2D Barcodes Help Track GaN Production Chip Origins
Cambridge GaN Devices has released the first-ever GaN devices with individual 2D barcoding to assist with die-level data collection for process, reliability, and quality improvement.
Cambridge, U.K. start-up Cambridge GaN Devices (CGD) has released the first-ever production of gallium nitride (GaN) power chips with 2D barcoding incorporated in the top marking to allow ICs to be uniquely identified by a commercial code reader.
2D barcoding on a packaged GaN device. Image used courtesy of CGD
Barcode identification will allow for the easy and rapid tracking of each chip (die) within CGD’s packaged power devices beyond standard wafer and assembly lot information, including the specific location of the wafer and where the die originated.
Die-level tracking will assist CGD with collecting precision quality and performance data to improve process ruggedness, reliability, and production yields.
Better Data to Improve Reliability and Yields
While CGD believes they already have sufficient performance data to demonstrate the ruggedness and reliability of their ICeGaN HEMT (high electron mobility transistor) technology, according to CEO Giorgia Longobardi, GaN processes are still relatively new compared with silicon, so more proactive steps are required to demonstrate their reliability.
With easy-to-read barcoding on the top of each production IC, quality information can quickly be communicated back to manufacturing and production teams to implement process improvements that directly impact device quality, reliability, and production yields.
These initiatives are particularly important as GaN devices scale to higher production levels, where the scope of any reliability or yield issue will be much greater, impacting device costs, availability, and, potentially, customer applications in the field.
Semiconductor wafer manufacturing. Image used courtesy of Emerson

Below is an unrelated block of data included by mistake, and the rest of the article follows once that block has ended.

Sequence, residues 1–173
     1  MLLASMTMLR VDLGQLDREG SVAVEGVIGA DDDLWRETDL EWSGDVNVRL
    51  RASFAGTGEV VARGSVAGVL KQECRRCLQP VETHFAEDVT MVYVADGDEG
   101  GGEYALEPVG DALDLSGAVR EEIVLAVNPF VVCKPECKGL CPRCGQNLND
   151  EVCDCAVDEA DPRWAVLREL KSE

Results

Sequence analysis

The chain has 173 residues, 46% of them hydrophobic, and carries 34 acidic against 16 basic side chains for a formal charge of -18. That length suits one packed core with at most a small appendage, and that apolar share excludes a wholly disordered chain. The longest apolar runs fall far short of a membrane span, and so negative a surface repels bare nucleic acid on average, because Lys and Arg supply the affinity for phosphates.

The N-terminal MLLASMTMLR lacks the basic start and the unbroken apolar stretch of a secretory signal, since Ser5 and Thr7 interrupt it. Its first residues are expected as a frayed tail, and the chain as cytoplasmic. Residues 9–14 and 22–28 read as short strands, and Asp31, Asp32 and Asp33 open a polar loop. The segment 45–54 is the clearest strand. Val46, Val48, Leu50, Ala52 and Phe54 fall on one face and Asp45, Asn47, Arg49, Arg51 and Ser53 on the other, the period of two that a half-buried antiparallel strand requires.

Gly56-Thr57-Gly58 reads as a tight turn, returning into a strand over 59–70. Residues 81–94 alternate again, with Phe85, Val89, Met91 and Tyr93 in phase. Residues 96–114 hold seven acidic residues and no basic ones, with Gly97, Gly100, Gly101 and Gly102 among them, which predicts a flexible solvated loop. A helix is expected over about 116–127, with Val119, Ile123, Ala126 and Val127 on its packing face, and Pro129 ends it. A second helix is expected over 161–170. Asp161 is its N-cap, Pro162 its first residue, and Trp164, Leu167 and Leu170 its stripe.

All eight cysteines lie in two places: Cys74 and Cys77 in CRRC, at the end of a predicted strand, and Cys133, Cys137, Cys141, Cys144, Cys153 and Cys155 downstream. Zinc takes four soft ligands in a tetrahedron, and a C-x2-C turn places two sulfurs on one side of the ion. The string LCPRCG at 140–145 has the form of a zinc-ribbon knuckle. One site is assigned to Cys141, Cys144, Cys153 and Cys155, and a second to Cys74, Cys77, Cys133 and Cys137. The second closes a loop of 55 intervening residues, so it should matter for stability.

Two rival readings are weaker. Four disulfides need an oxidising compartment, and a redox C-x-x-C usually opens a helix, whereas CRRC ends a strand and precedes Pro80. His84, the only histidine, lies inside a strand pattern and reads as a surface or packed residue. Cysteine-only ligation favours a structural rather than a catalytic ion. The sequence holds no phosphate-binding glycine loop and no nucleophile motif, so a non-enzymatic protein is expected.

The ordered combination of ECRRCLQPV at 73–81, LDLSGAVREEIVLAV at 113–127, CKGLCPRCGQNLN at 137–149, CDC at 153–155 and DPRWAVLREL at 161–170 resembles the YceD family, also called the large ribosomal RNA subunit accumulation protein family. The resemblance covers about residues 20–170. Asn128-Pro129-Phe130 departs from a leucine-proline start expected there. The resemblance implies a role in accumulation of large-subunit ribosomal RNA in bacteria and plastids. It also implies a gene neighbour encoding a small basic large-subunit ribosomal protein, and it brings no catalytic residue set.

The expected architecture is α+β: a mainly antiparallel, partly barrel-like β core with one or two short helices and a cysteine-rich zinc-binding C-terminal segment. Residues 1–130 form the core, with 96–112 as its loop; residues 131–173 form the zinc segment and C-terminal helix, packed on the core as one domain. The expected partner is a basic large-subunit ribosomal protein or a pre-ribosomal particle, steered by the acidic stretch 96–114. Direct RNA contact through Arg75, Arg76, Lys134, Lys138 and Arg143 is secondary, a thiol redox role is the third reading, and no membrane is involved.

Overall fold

Importance of Wafer Location
Zahid Ansari, CGD’s VP of Operations, stated it is well known that die harvested from the edges of a semiconductor wafer tend to have lower production yields due to higher defect densities. This means that comparatively fewer die from these areas can successfully pass through the testing process and make it to final inventory as production units.
Semiconductor wafer mapping. Image used courtesy of Onto Innovation
As production yields drop, costs increase, thus hurting margins for the manufacturer and raising costs for end customers who inevitably bear some of the burden through cost pass-throughs.
By tracking production yields and relaying individual die quality information in near real-time to manufacturing teams, adjustments can quickly address problem areas and recover yields.
Designing a semiconductor chip starts with the process selection. The semiconductor wafer is developed through a step-by-step process that forms the individual devices, or circuits, within the wafer.
As a first test, each die (IC) within the wafer is tested with a probe system to identify faulty die resulting from wafer defects. The wafer is then “sliced” into individual die, and the “known good die” are passed along for either package or wafer-level assembly.
After final assembly, the part is passed through a final automated test program to verify it meets performance specifications before being released to inventory for eventual commercial sale.
Integrated circuit (IC) production testing. Image used courtesy of National Instruments
Reducing the number of bad die and identifying them early in the manufacturing process improve production yields and help to maintain costs. For newer products and technologies, like GaN, optimizing device yields can take time and many production iterations.
Despite rigorous testing at the wafer level and final assembly, some flawed units will escape detection and find their way into customer applications. These “field failures” are typically returned to the factory for decapsulation and imaging by the QA (quality assurance) team to determine the cause of the failure.
Field failures are often the result of improper use of the device. One example is engineering overstress (EOS), where the specified limits of the device, such as withstand voltage and short-circuit current, are exceeded. For other cases, identifying the origins of a die via an easily readable barcode can help the manufacturer develop a clearer picture of potential process issues that may be impacting the field reliability of their devices.
IC decapsulation and imaging. Image used courtesy of Silconic
Integrated Circuit Enhancement Mode GaN (ICeGaN)
GaN-based circuits offer high power densities with fast switching speeds and good efficiency. However, GaN devices can be difficult to work with, requiring specialized drive circuits that add to design complexity, component count, and cost.
Switching supply schematic with ICeGaN device. Image used courtesy of CGD
With ICeGaN, negative voltages are not required for device shutdown, eliminating the need for costly and complex conversion and clamping circuits that standard silicon devices do not require.